A Cool, Hip AT&T? Step Inside Blue Room

Marketer Breaks Old Mold as Music Fans Flock to Site for Live Concert Webcasts

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NEW YORK (AdAge.com) -- When the 2006 Bonnaroo Music & Arts Festival sold out its 80,000 tickets a week before the concert, fans who went away empty-handed were left with the option of standing outside the 700-acre farm in Manchester, Tenn., hoping someone was looking to unload tickets. Or, as the Bonnaroo site urged, they could stay home and log on to AT&T's Blue Room website for live webcasts of the concert.
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Yes, AT&T -- the "stodgy" brand Ad Age readers described as "your father's phone company" -- is the online broadcaster of several of the hottest summer concerts. And the AT&T stereotype didn't deter Sonic Youth, Matisyahu and Korn fans from flocking to Blue Room. In May the site attracted 87,000 unique visitors, according to ComScore, which doesn't yet have June numbers. But Hitwise estimates traffic surged 500% over the mid-June weekend on which Bonnaroo was held. It's no Live 8, but it's a good start for a fledgling online-entertainment property.

Riding a trend
"We're not just a communications company but a communications and entertainment company," said David Banks, director of Blue Room for AT&T. "We want to use it to show our services provide a better overall content experience." Mr. Banks calls Blue Room a key indicator of the way the company is trying to shift its marketing proposition from that of being a services company to a digital lifestyle brand.

With the free-access site, AT&T is also riding a trend -- marketers creating their own entertainment content to connect with their potential customers on a deeper level. The idea is that people will value those brands providing a service or content they want.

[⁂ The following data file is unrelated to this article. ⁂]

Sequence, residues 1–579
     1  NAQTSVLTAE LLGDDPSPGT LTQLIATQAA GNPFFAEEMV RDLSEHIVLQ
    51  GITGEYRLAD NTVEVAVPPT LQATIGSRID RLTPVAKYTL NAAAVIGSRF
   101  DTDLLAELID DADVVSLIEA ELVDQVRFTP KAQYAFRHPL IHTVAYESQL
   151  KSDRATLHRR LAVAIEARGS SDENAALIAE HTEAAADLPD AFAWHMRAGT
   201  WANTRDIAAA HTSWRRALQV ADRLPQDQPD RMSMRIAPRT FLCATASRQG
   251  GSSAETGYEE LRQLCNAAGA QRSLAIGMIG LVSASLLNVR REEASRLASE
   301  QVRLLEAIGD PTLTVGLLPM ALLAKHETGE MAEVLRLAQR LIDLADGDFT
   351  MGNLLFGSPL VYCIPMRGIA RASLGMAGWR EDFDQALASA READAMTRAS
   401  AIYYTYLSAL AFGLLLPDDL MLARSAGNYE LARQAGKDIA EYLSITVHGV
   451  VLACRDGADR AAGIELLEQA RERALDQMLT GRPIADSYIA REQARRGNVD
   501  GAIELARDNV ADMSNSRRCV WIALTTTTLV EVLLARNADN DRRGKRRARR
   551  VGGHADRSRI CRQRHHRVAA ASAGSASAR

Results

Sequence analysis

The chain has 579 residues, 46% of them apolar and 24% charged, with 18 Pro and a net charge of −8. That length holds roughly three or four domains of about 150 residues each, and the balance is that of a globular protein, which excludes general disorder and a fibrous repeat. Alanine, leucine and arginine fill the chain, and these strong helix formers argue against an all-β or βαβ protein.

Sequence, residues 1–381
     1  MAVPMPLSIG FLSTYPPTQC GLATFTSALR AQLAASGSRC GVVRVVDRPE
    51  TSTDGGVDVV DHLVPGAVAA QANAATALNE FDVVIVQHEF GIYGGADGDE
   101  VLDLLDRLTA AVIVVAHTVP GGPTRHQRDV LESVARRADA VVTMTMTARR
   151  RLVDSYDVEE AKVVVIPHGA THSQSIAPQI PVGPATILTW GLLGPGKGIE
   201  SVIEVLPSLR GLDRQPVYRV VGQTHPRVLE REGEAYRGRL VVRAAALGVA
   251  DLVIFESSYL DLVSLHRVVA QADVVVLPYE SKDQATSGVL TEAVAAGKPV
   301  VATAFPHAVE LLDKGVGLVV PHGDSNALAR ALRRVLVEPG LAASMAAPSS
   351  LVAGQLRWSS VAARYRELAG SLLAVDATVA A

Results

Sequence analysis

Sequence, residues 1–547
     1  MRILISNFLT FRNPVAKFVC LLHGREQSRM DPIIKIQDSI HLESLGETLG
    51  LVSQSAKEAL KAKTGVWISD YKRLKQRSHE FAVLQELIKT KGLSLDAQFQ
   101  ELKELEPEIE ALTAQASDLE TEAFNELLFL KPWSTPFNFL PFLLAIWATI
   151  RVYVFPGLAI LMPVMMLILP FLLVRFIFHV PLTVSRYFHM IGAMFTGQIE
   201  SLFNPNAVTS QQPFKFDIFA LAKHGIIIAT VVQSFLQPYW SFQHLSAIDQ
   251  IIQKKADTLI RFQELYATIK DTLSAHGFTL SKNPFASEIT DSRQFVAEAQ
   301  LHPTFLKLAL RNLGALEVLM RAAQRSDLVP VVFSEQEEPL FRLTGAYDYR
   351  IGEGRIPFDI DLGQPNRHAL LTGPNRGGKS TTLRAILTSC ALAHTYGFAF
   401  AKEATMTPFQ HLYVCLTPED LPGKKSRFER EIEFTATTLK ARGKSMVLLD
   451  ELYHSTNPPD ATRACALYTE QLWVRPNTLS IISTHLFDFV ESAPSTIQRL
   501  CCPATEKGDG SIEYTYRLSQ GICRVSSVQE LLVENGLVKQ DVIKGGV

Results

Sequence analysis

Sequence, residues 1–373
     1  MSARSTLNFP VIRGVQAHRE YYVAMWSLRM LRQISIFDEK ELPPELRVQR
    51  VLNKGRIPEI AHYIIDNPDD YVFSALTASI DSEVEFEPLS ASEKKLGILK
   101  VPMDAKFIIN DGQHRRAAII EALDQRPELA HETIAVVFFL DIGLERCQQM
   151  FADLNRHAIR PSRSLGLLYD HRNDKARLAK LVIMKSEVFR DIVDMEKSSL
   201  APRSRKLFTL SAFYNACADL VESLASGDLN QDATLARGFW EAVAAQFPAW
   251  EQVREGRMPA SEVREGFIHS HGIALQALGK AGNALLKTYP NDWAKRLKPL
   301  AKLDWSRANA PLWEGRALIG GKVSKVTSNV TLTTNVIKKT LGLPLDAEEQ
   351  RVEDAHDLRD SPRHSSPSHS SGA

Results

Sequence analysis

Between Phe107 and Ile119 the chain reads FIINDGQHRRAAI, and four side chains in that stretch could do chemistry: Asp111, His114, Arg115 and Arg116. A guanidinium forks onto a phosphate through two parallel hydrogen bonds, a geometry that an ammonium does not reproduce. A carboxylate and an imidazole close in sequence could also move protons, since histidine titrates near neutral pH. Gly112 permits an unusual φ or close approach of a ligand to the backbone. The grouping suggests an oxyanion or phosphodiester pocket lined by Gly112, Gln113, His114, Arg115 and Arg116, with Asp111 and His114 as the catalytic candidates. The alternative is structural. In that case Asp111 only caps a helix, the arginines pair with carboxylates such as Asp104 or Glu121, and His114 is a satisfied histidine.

Blue Room was born out of a CBS Radio property called Street Date, which is similar to iTunes' New Music Tuesdays. Street Date premiered albums on CBS stations and their websites every Tuesday when the albums hit the stores -- or "street," in record-industry lingo. About 15 months ago, CBS sold the property to SBC, which has since been acquired by AT&T. Now CBS continues to debut albums and run interviews with artists on its stations and their websites, but that content is branded as part of the AT&T Blue Room vault.

It was originally conceived as a way to help drive record sales for the labels, said David Goodman, exec VP-marketing, CBS Radio. "The artist is getting a tremendous amount more messaging for their new release and AT&T gets the patina of being able to work with great musicians."

Since taking over the new music property, AT&T has been ramping up the site's content. Last year it webcast three concerts; this year that number grows to five. In two weeks, it will stream the Chicago stop on the Lollapalooza tour.

Three screens
In addition to the concert and festival partnerships, AT&T has aligned with artists such as Coldplay and Keith Urban to drive awareness and traffic. And with the company's recent acquisition of Cingular, Mr. Banks says there are plans to distribute the content across "all three screens" -- computer, TV and cellphone.

For CBS, rebranding the Street Date property under a marketer's moniker was a way to generate additional revenue for its radio group in an anemic radio-advertising market. As more marketers shift their dollars from traditional broadcast media to online, CBS Radio and its competitors are aggressively expanding their web offerings.

But it's a fiercely competitive online-music environment. Coke recently folded its U.K. digital music store, citing too much competition from Apple's iTunes. AT&T executives are banking on exclusive content to help Blue Room survive and build itself into multiplatform media brand.

A lot of competition
The early data are promising: A Hitwise analysis of downstream traffic indicates about a third of those leaving the Blue Room site visit an AT&T high-speed data site, about 10% head to a search site and the rest move off to another entertainment site.

"There's a lot of competition ... and a fixed set of consumers that everyone's trying to communicate to, so we establish content differentiation points and then use that content to demonstrate what our products can do," Mr. Banks said.
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